January 15 - 21, 2012: Issue 41
Fledglings of Summer
Fledgling; Fledge is the stage in a young bird's life when the feathers and wing muscles are sufficiently developed for flight. It also describes the act of a chick's parents raising it to a fully grown state. A young bird that has recently fledged but is still dependent upon parental care and feeding is called a fledgling.
In ornithology, the meaning of fledging varies, depending on species. Birds are sometimes considered fledged once they leave the nest, even if they still cannot fly. Some definitions of fledge take it to mean the independence of the chick from the adults.
From; Fledge. (2011, December 11). In Wikipedia, The Free Encyclopedia. Retrieved from http://en.wikipedia.org/w/index.php?title=Fledge&oldid=465262436
During this week the full cycle of one year in the bird world has been witnessed. The Australian Blue Crane, (also called the White Faced Heron; Egretta novaehollandiae) who was seen in Careel Bay creek for the past two years, and lived there during much of our Winter, and then was seen with a mate, showing this favourite fishing ground in Spring, then spotted in Careel Bay with six other birds in late Spring, some of them quite obviously very young, has now brought two children to the tidal rush in Careel Creek. Again for the fishing.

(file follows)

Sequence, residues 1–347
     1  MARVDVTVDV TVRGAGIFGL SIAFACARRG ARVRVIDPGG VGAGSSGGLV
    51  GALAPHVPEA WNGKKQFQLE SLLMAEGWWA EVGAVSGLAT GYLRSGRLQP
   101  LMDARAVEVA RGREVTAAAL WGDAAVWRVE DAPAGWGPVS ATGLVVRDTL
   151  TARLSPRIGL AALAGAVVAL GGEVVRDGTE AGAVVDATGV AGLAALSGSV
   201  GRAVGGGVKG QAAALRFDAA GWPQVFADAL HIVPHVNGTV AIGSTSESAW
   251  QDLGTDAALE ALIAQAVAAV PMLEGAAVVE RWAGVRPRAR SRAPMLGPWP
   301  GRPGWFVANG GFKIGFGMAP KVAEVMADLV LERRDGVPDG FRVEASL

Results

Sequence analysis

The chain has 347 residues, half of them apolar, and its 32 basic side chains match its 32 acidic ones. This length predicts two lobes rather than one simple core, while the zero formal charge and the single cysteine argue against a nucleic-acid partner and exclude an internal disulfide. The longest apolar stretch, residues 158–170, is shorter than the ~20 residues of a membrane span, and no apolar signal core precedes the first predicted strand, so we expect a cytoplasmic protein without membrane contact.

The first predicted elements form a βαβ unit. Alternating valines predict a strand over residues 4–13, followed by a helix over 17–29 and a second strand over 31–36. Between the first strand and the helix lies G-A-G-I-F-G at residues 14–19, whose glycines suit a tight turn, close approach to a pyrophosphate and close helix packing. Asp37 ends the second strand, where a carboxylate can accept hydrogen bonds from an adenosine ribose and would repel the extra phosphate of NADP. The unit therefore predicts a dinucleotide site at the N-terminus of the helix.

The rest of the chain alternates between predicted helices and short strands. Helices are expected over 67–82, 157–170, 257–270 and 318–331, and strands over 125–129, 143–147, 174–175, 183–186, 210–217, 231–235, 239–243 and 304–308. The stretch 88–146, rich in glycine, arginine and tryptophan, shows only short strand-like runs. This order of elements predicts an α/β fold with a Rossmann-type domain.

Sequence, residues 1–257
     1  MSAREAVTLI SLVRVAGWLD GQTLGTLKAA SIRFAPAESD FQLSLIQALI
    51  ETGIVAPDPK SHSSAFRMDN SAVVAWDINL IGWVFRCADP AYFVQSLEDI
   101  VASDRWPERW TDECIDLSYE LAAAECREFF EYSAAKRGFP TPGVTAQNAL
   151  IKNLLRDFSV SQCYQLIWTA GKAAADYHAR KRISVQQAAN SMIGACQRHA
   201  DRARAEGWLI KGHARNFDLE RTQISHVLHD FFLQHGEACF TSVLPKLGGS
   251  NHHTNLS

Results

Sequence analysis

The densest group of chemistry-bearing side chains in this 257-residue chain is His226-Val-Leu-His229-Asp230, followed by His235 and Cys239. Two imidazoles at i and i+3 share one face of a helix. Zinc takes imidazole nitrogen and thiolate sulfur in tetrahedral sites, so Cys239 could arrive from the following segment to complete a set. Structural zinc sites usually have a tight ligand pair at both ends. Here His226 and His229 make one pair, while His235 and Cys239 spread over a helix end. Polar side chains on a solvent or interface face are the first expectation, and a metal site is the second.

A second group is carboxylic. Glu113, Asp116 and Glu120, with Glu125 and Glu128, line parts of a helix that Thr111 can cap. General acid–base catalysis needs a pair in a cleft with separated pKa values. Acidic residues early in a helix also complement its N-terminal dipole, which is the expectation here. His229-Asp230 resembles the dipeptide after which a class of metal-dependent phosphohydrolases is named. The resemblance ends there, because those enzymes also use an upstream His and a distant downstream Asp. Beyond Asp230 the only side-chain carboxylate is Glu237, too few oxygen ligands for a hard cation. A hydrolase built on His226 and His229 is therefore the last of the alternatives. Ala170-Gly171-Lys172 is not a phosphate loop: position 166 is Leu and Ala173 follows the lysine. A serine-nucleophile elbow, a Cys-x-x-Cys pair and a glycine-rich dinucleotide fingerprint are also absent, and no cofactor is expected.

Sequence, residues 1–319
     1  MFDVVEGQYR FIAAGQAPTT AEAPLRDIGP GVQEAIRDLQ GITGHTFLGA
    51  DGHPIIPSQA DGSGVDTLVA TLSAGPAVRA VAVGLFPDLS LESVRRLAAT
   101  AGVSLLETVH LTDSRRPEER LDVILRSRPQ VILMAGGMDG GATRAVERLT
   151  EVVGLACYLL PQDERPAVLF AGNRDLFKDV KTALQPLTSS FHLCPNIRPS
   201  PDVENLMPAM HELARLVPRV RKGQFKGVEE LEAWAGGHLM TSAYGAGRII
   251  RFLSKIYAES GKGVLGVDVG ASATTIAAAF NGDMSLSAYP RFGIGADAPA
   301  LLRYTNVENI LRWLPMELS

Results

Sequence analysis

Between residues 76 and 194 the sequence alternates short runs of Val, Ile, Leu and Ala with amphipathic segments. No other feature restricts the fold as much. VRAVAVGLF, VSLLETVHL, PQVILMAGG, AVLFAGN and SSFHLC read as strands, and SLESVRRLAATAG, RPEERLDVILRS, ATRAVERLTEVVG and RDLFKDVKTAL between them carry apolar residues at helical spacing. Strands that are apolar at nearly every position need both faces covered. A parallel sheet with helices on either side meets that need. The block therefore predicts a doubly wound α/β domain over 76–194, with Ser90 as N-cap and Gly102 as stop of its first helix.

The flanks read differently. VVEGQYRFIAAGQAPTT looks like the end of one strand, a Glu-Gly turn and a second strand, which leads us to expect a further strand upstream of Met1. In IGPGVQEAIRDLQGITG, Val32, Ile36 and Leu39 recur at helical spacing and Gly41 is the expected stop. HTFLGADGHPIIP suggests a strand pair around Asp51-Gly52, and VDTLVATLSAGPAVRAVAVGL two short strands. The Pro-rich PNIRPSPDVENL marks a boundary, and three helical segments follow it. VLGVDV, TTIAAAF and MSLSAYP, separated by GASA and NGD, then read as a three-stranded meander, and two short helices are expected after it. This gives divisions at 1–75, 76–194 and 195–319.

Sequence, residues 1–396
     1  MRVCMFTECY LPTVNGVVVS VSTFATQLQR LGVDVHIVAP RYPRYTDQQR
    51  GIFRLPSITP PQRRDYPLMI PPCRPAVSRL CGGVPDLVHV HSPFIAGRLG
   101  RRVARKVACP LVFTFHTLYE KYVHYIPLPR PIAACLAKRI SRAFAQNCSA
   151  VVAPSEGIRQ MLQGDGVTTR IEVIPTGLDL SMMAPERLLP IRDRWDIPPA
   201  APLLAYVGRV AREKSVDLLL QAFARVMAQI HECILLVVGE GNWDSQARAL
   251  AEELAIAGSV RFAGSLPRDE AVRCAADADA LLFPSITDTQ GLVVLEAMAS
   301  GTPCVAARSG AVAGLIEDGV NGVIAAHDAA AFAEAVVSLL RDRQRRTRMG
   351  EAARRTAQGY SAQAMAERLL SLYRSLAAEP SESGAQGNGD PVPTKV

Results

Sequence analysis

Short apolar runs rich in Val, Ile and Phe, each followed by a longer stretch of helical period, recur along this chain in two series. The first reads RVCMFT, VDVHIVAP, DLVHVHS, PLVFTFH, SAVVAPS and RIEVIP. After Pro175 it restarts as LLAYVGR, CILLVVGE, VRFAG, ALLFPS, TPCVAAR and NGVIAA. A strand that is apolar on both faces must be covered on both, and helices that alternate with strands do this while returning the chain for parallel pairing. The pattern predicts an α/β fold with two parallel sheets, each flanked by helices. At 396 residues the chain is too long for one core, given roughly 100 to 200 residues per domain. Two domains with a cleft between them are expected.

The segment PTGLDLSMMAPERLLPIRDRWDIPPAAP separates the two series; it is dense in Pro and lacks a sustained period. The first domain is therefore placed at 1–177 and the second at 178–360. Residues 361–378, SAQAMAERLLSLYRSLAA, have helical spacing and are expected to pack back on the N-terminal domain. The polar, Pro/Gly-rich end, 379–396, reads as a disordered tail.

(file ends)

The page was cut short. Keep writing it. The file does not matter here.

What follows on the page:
The one shown here was on the opposite bank from the path’s wend and more interested in spotting the fish then having its photograph taken. On Wednesday it and one of its siblings were making their way down the creek as the waters emptied after high tide. They flew up into a eucalypt on approach. On Thursday it gave a ‘you again’ look and went on with its fishing.
Also seen this week are fledglings of the Galah (also known as the rose breasted cockatoo; Eolophus roseicapilla), Magpie (Gymnorhina tibicen), Pied Currawong (Strepera graculina) and Laughing Kookaburra (Dacelo novaeguineae) worlds, all shedding their ‘baby feathers’. Some are still with mum and dad, squawking quite loudly for food if part of the parrot world, others follow them across the green fields of Pittwater or through our banks of trees, learning how to feed themselves, if juvenile magpies, currawongs or kookaburras.
The Cranes in Careel Creek and a lone young or first year Australian Pelican on Careel Bay itself, also fishing at high tide, seem to be the sole juvenile avian out on their own. Juvenile birds can be spotted by the colours of their feathers, usually a little more speckled, with brown tinges or appear more dirty then the pure white they may become if an Ibis, or more mottled over the back as seen in young Magpies. They may also have the smaller downy feathers that protected them in the nest poking out from their plumage. Their facial markings will also not be as distinct as those of adult birds.
Also seen; Willy Wagtails (Rhipidura leucophrys) stalking, stirring up and rising to air in quick flits while feeding on insects in the recently mowed parts of the ovals at Careel Bay.
This Pied Butcherbird, (Cracticus nigrogularis), photo to left was taken by Michael Mannington earlier in the week too.
All have a sleek well-fed look due to the abundance of local food available in Mid-Summer. Insects of every kind, dragonflies, butterflies, moths, wasps and plain old black flies are everywhere. Many of the local flowering plants have shed their petals and producing nuts and fruits.
Great source website for identifying birds: http://birdsinbackyards.net/
Photos by Michael Mannington and A J Guesdon, 2012. All Rights Reserved.